Ignore browser warnings at your peril

Ignore browser warnings at your peril

Researchers at Brigham Young University have published a paper in the “Journal of the Association for Information Systems” that explores how users can end up being fooled by phishing sites. End users are often the weak point in an organisation; many attacks occur because a user falls for a phishing site.

MailShark Ignore browser warnings at your peril
Figure A – Click to Enlarge

As part of an experiment, subjects were first required to undertake an online survey. The questions posed by the researchers included 16 related to information security, along with more general questions related to personality and demographics. The general questions were designed to disguise the nature of the experiment.

Subjects were asked to bring their own laptop for the second part of the study. The subjects were informed that the purpose of the study was to see if an algorithm designed to categorise images could outperform a human given the same task. The subjects were shown various images of Batman and asked to decide whether the images were photographs or animations. The users had ten seconds to decide the type of image being presented. Incorrect answers were penalised.

Throughout the task, users were presented with a screen very similar to the Chrome warning screen that indicates a possible phishing site. If the users decided not to proceed, they were penalised. If they clicked yes, they were able to continue onto the image classification page. The penalties created an additional time pressure for the subjects, and were designed to mimic a real life work situation.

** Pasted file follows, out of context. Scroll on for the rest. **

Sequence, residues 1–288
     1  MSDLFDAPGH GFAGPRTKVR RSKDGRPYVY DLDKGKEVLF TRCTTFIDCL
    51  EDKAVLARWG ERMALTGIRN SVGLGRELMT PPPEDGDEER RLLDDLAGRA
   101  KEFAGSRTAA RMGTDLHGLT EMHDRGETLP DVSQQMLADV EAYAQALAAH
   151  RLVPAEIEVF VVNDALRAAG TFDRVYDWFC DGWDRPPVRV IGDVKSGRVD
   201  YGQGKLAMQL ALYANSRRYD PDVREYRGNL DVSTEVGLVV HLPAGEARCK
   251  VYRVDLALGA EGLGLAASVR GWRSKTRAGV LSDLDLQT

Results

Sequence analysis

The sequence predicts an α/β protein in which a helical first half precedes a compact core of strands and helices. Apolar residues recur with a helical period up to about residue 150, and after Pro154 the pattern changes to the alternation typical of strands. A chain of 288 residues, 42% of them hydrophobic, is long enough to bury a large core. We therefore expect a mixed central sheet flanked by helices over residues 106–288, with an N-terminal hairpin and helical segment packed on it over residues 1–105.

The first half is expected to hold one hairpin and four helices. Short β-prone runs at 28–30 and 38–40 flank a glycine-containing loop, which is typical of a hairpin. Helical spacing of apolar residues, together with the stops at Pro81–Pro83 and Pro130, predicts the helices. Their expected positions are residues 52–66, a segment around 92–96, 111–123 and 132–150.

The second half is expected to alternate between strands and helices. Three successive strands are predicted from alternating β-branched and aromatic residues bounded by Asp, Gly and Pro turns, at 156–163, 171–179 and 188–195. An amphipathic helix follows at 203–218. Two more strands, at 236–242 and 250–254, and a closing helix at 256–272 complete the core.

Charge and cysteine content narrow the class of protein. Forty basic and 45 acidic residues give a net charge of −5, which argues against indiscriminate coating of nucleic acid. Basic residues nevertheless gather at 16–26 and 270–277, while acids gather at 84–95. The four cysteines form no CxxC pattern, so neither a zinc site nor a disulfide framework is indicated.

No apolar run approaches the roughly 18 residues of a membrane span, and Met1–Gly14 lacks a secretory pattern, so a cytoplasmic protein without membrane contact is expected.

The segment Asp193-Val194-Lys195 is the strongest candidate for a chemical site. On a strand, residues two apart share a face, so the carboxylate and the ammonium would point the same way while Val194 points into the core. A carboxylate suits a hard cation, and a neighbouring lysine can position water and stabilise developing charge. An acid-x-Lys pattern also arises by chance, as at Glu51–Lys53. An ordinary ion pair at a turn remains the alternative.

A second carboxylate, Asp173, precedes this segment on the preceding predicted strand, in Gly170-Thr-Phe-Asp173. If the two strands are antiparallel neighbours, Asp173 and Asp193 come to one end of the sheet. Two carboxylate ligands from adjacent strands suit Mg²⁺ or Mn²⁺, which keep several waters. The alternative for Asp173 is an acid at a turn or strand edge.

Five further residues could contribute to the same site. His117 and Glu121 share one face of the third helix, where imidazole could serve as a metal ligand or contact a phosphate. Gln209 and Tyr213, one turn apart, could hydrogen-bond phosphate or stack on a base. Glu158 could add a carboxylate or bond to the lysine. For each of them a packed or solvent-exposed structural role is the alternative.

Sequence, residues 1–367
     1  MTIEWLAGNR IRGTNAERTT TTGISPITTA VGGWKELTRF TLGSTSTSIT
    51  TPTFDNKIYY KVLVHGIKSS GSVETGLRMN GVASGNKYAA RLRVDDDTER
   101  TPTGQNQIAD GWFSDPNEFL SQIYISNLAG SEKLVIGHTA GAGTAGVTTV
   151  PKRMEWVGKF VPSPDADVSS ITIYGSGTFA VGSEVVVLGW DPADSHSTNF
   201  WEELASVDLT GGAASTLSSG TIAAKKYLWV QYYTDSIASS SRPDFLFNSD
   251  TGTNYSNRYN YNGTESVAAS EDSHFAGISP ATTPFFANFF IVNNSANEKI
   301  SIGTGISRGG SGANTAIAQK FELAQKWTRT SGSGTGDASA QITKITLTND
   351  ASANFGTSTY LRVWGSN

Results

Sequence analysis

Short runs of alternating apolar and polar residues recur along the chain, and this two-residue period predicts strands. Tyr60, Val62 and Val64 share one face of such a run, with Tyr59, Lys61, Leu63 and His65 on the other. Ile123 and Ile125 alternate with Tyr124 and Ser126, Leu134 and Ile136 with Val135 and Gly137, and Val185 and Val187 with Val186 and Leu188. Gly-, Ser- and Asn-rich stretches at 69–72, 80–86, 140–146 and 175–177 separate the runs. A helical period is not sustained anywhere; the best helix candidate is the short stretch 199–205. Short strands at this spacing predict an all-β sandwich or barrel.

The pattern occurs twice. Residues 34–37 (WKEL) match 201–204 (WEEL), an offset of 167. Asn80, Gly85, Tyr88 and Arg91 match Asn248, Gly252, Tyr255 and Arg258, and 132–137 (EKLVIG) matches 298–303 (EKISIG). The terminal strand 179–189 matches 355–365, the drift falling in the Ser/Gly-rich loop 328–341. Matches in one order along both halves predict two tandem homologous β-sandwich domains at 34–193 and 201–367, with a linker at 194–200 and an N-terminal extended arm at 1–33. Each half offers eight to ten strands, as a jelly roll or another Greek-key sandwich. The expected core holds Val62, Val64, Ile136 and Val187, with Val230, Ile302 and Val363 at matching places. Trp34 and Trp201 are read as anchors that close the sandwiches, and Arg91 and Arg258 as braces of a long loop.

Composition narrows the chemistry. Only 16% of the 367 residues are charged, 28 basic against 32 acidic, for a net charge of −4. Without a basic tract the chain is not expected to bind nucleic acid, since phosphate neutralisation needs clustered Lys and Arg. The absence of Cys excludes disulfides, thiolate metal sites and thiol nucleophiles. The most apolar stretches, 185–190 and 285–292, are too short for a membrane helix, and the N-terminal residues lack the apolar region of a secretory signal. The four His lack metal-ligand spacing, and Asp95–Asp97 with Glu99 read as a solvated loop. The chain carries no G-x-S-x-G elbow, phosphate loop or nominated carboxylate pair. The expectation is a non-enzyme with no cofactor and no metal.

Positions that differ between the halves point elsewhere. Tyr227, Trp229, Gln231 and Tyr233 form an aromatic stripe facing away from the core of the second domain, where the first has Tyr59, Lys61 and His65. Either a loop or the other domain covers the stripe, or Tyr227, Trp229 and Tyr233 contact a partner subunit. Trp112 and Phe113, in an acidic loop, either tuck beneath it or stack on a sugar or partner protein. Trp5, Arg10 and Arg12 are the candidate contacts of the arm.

Continual clicking on yes eventually led to an image being displayed, allegedly from an Algerian Hacker, telling the user “Say Goodbye to your computer”, and informing them that they had “been hax0red”. Many subjects were visibly disturbed when they received the “hax0red” message. Fortunately the message eventually disappeared.

The online survey results suggested many of the subjects considered themselves aware of web security issues. This was revealed to be inconsistent with their behaviour (at first) when performing the image classification task. The subjects who received the “hax0red” message were far more cautious when continuing on with the experiment.

The study shows that end users subjected to time pressures can easily fall for phishing or other malicious sites. Even IT savvy people can still fall for phishing sites. Part of the answer is better user education and awareness. Other parts are using web and email filtering to keep end users from stumbling onto phishing sites.

Scott Reeves
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